Being Black in America is hard.
It’s one of those sad little facts most Black people come to terms with at one point in time or another. (Other facts include needing to look as non-threatening as possible at all times and keeping your hands out of your pocket at grocery stores, but we digress.)
This week, unfortunately, has been a testament to how hard and unfair it is to be Black in the U.S. Two more hashtags have flooded social media and before we just dismiss them as horribly timed back-to-back isolated incidents, we need to remember the humanity behind Alton Sterling and Philando Castile.
They are not incidents. They were people. And now, they’re gone.
President Obama gave words to the emotions of many in two statements after Castile’s killing:
“…When incidents like this occur, there’s a big chunk of our fellow citizenry that feels as if because of the color of their skin they are not being treated the same. And that hurts. And that should trouble all of us. This is not just a black issue. It’s not just a Hispanic issue. This is an American issue that we should all care about; all fair minded people should be concerned.”
“…What’s clear is that these fatal shootings are not isolated incidents. They are symptomatic of the broader challenges within our criminal justice system, the racial disparities that appear across the system year after year, and the resulting lack of trust that exists between law enforcement and too many of the communities they serve.
To admit we’ve got a serious problem in no way contradicts our respect and appreciation for the vast majority of police officers who put their lives on the line to protect us every single day. It is to say that, as a nation, we can and must do better to institute the best practices that reduce the appearance or reality of racial bias in law enforcement.”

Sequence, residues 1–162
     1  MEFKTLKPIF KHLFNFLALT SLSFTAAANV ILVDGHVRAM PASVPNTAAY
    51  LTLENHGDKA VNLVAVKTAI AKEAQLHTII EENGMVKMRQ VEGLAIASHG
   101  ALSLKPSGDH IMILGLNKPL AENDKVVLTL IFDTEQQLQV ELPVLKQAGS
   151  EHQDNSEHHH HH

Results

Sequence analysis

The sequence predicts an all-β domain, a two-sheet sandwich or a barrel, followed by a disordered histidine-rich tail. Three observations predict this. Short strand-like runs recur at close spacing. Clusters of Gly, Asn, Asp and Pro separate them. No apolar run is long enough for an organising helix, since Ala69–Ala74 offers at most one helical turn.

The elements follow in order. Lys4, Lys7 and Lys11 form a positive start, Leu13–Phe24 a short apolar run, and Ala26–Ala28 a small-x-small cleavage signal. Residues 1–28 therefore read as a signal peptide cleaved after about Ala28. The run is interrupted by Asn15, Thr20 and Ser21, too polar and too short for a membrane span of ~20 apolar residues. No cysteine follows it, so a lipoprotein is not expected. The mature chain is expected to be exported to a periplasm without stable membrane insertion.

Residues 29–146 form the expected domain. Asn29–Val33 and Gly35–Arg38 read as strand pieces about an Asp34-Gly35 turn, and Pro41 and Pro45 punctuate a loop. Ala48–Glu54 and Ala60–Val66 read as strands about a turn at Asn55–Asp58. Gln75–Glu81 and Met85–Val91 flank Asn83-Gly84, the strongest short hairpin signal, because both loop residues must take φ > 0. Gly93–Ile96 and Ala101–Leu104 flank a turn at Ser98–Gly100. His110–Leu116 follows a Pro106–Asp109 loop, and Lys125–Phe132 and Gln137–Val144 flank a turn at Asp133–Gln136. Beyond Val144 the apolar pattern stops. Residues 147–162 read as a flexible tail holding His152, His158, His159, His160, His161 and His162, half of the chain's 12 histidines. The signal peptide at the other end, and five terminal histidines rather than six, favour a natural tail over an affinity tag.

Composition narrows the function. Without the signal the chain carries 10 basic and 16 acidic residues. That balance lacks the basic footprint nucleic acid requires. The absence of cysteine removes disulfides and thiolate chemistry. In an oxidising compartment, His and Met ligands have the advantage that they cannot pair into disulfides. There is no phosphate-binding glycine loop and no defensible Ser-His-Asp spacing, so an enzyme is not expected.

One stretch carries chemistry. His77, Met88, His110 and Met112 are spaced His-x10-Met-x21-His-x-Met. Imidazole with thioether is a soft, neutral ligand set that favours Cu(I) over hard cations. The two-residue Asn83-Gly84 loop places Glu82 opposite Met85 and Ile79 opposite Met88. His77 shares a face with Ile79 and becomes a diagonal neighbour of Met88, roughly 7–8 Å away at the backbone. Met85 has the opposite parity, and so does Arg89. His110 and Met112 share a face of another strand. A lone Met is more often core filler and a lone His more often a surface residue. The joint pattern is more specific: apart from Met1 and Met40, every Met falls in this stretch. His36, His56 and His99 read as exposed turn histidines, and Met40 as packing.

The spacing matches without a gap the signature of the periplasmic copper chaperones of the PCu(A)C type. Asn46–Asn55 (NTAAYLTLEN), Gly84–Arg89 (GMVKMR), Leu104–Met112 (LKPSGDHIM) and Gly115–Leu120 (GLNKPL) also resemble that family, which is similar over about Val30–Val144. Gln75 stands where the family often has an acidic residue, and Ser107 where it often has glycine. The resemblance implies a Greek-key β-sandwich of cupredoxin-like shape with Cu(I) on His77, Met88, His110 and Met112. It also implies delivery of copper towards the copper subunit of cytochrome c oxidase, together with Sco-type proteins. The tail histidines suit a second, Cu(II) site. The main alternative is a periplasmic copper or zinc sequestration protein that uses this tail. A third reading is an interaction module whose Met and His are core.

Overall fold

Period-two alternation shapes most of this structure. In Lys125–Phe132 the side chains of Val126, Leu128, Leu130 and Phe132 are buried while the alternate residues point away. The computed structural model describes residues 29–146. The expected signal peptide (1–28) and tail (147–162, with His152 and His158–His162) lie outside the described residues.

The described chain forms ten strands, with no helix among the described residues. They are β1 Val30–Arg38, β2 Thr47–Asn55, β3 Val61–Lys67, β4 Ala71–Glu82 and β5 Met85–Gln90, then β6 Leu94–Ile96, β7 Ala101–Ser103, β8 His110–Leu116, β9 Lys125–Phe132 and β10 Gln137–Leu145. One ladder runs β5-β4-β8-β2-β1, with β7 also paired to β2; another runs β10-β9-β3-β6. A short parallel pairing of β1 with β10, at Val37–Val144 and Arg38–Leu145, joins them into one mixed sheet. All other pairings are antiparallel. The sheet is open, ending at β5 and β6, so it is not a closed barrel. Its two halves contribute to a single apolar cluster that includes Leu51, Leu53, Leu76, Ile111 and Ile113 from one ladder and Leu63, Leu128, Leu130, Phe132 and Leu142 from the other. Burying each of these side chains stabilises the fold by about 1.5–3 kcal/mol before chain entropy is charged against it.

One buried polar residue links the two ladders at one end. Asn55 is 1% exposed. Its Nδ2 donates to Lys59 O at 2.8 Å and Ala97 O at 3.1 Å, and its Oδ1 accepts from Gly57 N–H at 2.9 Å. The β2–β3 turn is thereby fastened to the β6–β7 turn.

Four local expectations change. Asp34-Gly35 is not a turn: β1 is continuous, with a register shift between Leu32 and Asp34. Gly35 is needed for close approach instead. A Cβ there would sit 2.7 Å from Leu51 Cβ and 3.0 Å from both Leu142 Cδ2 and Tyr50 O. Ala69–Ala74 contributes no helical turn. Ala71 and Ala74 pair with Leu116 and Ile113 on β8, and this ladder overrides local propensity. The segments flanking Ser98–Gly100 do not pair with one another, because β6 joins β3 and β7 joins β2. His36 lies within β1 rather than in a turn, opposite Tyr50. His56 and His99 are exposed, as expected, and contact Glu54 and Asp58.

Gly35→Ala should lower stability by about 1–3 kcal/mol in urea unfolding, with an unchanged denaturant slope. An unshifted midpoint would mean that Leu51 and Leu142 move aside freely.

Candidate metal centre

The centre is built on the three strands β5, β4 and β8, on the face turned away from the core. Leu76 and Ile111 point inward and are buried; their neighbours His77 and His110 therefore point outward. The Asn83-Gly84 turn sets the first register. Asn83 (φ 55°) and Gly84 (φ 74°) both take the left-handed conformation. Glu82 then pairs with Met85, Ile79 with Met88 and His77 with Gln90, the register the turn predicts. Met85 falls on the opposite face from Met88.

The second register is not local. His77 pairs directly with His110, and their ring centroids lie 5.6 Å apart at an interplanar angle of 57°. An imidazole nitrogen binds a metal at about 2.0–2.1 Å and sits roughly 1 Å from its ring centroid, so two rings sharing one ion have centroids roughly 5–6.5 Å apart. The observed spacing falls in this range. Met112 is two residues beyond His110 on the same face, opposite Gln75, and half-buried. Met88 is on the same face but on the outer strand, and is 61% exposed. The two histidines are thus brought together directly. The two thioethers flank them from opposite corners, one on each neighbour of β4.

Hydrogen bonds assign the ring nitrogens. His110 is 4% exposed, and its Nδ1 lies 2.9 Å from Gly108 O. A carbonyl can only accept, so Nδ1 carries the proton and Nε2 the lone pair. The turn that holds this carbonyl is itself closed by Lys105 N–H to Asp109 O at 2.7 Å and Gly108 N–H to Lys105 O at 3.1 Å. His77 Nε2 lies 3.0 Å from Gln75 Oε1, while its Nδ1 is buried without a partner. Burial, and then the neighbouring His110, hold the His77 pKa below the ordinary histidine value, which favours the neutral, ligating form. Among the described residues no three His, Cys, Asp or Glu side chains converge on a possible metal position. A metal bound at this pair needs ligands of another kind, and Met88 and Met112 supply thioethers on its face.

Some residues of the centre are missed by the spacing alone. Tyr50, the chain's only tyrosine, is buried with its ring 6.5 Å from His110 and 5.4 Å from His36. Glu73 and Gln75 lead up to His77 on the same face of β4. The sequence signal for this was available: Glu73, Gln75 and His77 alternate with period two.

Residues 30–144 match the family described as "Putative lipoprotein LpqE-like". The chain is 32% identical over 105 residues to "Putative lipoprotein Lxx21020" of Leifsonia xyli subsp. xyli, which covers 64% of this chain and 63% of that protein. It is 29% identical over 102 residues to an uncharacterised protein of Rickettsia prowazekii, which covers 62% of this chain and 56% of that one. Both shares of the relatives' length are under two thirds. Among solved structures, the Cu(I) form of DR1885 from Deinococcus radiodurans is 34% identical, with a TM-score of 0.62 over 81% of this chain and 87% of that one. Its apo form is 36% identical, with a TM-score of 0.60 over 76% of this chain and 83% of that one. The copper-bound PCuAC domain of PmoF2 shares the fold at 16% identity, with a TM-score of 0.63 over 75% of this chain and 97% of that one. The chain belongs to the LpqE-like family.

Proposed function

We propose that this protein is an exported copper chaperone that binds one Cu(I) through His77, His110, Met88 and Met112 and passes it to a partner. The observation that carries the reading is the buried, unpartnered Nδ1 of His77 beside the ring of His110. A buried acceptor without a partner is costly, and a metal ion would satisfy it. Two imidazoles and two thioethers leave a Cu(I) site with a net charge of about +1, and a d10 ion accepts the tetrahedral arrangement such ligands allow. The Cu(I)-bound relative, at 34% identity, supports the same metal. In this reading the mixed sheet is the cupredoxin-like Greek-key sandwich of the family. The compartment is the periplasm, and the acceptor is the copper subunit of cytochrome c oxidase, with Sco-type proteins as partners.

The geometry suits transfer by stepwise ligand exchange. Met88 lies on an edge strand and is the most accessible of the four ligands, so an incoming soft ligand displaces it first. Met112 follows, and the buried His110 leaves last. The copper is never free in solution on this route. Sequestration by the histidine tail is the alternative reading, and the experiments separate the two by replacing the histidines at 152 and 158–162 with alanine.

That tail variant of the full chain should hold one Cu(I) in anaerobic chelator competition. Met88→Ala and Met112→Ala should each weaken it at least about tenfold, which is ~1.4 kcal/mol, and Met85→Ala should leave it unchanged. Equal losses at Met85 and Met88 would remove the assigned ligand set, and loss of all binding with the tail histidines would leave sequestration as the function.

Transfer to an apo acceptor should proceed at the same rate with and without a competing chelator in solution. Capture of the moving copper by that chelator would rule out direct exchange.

Drake put it well in an open letter he penned on Instagram: “No one begins their life as a hashtag.”
Alton Sterling and Philando Castile are more than just something catchy to share online in an effort to appear “woke.” These two Black men were another example of how Black people are seen as more violent, intimidating, and threatening than their White counterparts.
By this point, you’ve probably already seen the footage. We will not post it here.
But we’re so post-racial, right? Wrong.
To paraphrase Tamela Mann, truth is we’re tired.
We’re tired of wanting to call in Black to work.
We’re tired of dead Black bodies being presented as spectacles on social media and television in the same way crowds gathered around public lynchings in the 20th century. These videos are not the latest memes to spread haphazardly.
We’re tired of Black people’s grief being seen as commonplace.
We’re tired of having to explain why that’s a problem.
We’re tired of people considering a criminal record a license to kill a Black person.
We’re tired of this attack on Black America.
We’re tired of the fact things will soon enough go back to “normal” but, deep down, we know the same thing will happen in a few months. Or maybe even days.
We’re tired of having to avoid Devil’s advocates on Facebook.
And this goes without saying, but the answer is not more violence. Snipers shot at least 12 Dallas police officers and killed five of them during protests. Shooting and killing police officers in retaliation is not the solution. Sane people know this.
As President Obama said in response to the events in Texas, there is “no possible justification” for this “vicious, calculated and despicable attack on law enforcement.”
It’s more important now than ever before for us to stand up and make ourselves heard. But how can we do this?
Surround yourself by like-minded people and rally behind the cause.
Join your local social justice organizations such as the National Urban League, NAACP, etc.
Whatever your faith, pray. If you have none, meditate. We need positive thoughts.
Educate yourself. Here are a few books to read that are still so relevant: “The New Jim Crow” by Michelle Alexander, “The Fire Next Time” by James Baldwin, and “Feminism Is for Everyone” by bell hooks.
Serve your community. We need more Black and Brown faces in positions of power. We need more allies from all groups.
Talk about how you’re feeling with family and friends.
Write letters to your legislators and congress members.
It’s time we step out from behind our computers and act.
We’re tired. But we can’t give up.
Image via chainsawsuit